Create function in central database or repeat in each database?
The way I prefer to do this: put the function in a utility database, and create a synonym to it in each regular database. This way you get the best of both worlds:
- there is only one copy of the object to maintain
- the developer doesn't have to provide three- or four-part names
USE UtilityDB; GO CREATE FUNCTION dbo.LastIndexOf(...) ... GO USE otherDB; GO CREATE SYNONYM dbo.LastIndexOf FOR UtilityDB.dbo.LastIndexOf; GO
This is especially powerful for CLR functions, since there is extra administrative overhead for changing/deploying those.
And this is way preferable to using master (and marking as a system object, which isn't guaranteed to be forward portable). I'd love to know how your developer expects to create his function in the
sys schema, though.
I do understand that maintaining multiple copies of a function in 500 databases is no more difficult really than maintaining a single copy, but having multiple copies is really only a benefit when you do have exceptions (e.g. client A wants their function to handle NULLs differently, or something). In which case I would leave the synonym in all the other databases, and introduce a special version of the function only in that database.
(This assumes that the function doesn't rely on any data access within a client's database, of course - which can certainly complicate matters.)
I'm going to have to disagree with Aaron (and the accepted answer).
Aaron's approach is the way I like to deal with "DBA stuff" e.g. maintenance scripts. I would never want to do this with a library function that would be called by a user database.
Why? You'll be heading for the database equivalent of DLL Hell.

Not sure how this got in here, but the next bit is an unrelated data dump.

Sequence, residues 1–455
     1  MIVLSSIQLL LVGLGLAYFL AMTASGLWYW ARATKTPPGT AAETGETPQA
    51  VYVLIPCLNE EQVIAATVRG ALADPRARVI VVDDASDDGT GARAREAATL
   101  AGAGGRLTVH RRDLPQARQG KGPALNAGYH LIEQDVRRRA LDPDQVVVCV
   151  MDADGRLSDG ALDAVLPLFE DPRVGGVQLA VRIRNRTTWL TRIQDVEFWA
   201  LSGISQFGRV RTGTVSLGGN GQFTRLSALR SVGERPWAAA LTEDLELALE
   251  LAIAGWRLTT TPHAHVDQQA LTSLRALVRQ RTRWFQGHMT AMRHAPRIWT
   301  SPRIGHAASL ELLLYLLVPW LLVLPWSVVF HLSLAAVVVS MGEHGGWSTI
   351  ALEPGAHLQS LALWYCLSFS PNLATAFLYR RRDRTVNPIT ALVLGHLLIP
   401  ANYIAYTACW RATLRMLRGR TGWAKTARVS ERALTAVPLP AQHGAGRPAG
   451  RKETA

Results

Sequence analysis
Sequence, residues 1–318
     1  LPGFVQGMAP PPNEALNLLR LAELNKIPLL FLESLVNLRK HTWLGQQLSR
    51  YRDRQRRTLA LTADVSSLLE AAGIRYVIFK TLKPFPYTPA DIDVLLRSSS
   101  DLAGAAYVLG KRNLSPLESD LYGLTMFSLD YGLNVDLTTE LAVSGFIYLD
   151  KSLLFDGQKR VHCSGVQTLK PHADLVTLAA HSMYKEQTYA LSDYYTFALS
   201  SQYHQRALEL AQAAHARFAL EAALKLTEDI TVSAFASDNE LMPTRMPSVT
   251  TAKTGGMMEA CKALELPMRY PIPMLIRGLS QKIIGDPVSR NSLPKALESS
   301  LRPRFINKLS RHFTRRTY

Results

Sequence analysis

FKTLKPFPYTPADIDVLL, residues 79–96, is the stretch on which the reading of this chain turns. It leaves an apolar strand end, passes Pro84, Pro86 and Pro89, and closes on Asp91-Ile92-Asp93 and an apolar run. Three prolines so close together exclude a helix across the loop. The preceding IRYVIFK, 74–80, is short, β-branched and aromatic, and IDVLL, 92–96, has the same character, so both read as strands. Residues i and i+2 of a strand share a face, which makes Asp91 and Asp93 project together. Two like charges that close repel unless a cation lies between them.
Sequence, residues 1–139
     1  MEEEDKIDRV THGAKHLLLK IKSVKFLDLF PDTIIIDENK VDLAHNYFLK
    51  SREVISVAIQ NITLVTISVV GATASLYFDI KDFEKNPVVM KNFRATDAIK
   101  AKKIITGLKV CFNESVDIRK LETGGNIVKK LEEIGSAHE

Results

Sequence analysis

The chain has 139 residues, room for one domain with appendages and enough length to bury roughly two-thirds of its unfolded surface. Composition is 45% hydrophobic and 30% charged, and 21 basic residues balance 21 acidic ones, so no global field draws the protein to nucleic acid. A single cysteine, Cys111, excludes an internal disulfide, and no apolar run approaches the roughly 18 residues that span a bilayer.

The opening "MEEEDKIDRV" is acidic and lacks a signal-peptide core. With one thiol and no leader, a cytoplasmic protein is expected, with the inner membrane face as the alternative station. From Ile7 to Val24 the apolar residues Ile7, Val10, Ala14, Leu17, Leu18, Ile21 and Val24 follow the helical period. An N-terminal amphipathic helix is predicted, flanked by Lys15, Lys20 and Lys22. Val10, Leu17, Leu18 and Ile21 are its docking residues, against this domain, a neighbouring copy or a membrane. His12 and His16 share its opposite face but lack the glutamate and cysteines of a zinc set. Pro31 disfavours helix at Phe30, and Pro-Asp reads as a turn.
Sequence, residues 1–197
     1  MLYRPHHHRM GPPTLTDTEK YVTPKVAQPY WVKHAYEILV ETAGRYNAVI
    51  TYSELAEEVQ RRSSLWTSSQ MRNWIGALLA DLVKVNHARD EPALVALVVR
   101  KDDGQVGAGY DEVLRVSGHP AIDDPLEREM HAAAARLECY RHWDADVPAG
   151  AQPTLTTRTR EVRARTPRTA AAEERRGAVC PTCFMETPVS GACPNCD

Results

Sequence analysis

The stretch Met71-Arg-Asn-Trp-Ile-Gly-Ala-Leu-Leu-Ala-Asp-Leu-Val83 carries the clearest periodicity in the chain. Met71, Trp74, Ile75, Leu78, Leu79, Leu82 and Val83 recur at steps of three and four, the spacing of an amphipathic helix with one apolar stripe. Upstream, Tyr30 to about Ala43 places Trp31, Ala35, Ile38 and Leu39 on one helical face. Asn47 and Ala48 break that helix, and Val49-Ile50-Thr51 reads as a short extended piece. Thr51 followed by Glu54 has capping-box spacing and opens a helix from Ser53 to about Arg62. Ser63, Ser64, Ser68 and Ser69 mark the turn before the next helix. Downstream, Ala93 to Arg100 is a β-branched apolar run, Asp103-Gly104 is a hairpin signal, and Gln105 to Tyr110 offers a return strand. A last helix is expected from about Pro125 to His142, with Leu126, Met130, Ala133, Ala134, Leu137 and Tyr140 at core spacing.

...Before Windows 2000, Windows was vulnerable to this because the COM class table was shared across all users and processes. Only one COM object, in one DLL/EXE could be declared as having a specific global COM Class ID on a system. If any program needed to create an instance of that class, it got whatever was the current centrally registered implementation. As a result, an installation of a program that installs a new version of a common object may inadvertently break other programs that were previously installed.
Install .net 4.5 on a server running a .net 2.0 application and what happens? Nothing, you're application continues to use the 2.0 framework. Update your LastIndexOf function on a server hosting 3 applications databases (as part of an upgrade to one of them) and what happens? All three are now using the latest version.
The alternative is the approach adopted by SQL#. This is installed to a schema in each user database, so you can safely upgrade the database for Application-X without risking the stability of Application-Y.
If you're working in a tightly controlled change management environment you'll have no choice, you can't upgrade a shared component without testing all consumers of the component. If you're working somewhere a little more "fast and loose", you're free to take your chances with breaking something unintentionally with a patch/upgrade.